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Psychology of retiring: why emotional security matters

Jul 14 2016

Financial security is a huge part of planning and living in retirement, yet emotional security is arguably more essential to a healthy retirement, says Hyong Un, M.D, chief psychiatric officer of Aetna Behavioral Health. In fact, the psychological adjustments that accompany this major life event can catch people by surprise.

“Retirement isn’t easy for everyone,” Un says. “For some people, it’s like jumping into a new life. You may have had authority at work because you were the boss. Or you may have felt very fulfilled by the work you did every day. Then you retire. Once you get over the thrill of not having to go to work on Monday morning, you may be overcome with the unsettling feeling that you’ve lost your identity.”

For someone with a chronic condition that limits their choices in retirement, there can be an added stress to the transition. Un suggests finding ways to stay active, socially, physically and mentally. “Many times individuals isolate themselves and start to lose hope in a relatively short period of time,” he says. “If this sounds like you, reach out for some help. If this sounds like someone you know, take a few minutes to check on their emotional health.”

We use work and what we do as a source of social identity and a way to organize our lives. When we stop working, we lose the routine.

Plan for emotional security in retirement

Un suggests that people take stock before they retire to prepare for this major life event“Finding your own meaning in life can make all the difference in being happy once you retire,” he says.

For one person, that may be volunteering at the local elementary school. For another, it may be traveling or finding a new hobby or moving closer to grown children and their families.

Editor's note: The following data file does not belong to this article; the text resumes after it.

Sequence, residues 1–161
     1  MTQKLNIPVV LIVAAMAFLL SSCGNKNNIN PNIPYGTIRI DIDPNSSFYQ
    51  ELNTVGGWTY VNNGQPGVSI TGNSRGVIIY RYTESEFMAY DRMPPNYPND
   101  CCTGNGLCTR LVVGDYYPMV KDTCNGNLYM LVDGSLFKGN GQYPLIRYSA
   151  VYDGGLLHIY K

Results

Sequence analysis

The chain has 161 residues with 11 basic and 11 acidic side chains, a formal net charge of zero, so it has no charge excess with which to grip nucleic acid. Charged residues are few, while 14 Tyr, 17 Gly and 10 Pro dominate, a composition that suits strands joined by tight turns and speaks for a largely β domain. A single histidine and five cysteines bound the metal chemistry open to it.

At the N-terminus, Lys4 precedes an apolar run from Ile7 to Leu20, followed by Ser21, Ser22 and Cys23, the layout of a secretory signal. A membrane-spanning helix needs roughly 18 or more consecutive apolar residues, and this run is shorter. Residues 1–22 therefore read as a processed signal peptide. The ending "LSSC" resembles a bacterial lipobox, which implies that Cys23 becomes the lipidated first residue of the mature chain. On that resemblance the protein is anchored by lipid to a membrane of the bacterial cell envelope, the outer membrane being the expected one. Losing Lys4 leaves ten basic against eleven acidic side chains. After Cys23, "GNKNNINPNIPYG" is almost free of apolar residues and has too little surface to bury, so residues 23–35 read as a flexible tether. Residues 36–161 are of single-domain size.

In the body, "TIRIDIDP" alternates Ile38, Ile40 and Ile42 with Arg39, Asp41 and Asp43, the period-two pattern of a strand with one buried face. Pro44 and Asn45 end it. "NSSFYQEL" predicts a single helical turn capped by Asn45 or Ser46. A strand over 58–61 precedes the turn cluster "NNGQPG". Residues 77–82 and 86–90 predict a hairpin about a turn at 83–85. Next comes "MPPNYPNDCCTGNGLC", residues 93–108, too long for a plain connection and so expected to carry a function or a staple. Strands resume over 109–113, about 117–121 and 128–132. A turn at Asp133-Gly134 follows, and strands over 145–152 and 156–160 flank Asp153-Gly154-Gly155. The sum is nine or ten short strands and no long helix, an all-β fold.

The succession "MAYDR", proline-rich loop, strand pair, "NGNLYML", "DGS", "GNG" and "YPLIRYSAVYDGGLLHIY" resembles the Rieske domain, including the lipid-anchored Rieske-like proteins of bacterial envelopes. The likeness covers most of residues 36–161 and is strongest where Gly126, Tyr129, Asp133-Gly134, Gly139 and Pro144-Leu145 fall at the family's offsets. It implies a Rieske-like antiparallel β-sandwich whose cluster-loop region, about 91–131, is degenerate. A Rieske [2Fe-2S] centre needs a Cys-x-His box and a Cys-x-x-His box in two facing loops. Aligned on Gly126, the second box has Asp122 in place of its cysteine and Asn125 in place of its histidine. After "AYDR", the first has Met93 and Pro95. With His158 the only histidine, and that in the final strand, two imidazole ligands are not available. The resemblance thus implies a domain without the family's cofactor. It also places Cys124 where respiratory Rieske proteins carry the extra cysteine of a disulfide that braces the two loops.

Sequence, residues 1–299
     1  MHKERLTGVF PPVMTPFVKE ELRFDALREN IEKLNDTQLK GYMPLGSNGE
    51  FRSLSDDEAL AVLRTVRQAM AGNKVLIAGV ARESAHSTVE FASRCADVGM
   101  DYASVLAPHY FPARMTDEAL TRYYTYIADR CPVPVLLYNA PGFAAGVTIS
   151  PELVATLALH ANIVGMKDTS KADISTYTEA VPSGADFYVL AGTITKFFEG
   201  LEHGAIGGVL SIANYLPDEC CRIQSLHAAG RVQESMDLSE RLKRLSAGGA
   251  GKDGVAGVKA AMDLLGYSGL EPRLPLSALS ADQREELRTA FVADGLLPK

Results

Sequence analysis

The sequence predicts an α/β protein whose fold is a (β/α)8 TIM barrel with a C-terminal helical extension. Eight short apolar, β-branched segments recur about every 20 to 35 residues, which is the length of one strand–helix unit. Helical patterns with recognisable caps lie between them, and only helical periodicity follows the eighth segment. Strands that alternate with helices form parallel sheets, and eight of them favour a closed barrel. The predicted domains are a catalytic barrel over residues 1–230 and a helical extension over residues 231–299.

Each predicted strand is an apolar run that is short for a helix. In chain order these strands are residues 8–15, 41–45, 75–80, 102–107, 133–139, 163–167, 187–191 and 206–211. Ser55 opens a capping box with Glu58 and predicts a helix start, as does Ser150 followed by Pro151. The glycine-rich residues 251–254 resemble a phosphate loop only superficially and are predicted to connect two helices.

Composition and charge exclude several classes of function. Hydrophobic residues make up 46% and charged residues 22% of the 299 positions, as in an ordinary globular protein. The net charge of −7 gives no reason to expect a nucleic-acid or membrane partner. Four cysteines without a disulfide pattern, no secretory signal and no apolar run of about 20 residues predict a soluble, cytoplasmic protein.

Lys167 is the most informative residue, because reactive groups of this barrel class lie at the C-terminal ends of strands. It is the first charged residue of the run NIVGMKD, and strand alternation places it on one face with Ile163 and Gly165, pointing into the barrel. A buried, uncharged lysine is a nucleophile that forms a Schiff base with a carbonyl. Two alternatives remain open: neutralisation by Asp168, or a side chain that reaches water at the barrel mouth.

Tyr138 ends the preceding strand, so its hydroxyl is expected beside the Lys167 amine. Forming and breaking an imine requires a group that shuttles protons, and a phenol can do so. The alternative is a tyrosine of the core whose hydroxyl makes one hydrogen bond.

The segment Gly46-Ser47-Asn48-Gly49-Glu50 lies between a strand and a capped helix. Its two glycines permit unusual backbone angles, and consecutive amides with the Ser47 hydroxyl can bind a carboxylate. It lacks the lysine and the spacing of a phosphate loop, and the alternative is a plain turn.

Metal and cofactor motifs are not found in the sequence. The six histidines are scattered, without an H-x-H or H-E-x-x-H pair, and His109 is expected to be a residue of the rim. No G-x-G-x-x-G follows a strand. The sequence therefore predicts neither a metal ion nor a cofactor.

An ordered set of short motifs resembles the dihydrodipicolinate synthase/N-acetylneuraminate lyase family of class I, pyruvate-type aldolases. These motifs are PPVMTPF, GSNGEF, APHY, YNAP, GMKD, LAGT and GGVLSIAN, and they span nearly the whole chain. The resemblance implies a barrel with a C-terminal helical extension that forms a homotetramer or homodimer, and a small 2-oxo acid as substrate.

If retirement is on the horizon or already underway, Un offers a few key questions that can help you boost your emotional security in the years to come:

  • What makes me feel good about myself? How can I keep doing it even though my routine and perhaps some of my resources have changed?
  • What do I want to accomplish in this next part of my life? Have I thought about how retiring will change my life?
  • Who are the most important people to me, and how can I keep our relationship going or make it even stronger without the structure (and restrictions) that work brought with it?
  • Do I have a strong support system around me to help me if I need their help?
  • What are the things I’ll stop doing in retirement? Will I miss them? If so, what will I do instead?
  • What have you always put off because of other demands of work and family? How can you make it happen now?

For more resources check out the Dept. of LaborAARP and the American Psychological Association,